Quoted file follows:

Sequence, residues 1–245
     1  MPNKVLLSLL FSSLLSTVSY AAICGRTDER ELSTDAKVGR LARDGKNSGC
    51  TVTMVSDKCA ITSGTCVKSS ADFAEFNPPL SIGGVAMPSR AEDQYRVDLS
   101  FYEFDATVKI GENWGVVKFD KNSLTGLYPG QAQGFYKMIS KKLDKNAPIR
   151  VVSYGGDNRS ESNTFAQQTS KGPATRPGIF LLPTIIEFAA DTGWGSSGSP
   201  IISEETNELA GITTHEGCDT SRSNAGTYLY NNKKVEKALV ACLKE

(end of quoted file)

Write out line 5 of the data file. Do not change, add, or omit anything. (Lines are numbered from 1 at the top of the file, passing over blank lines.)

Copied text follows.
   151  VVSYGGDNRS ESNTFAQQTS KGPATRPGIF LLPTIIEFAA DTGWGSSGSP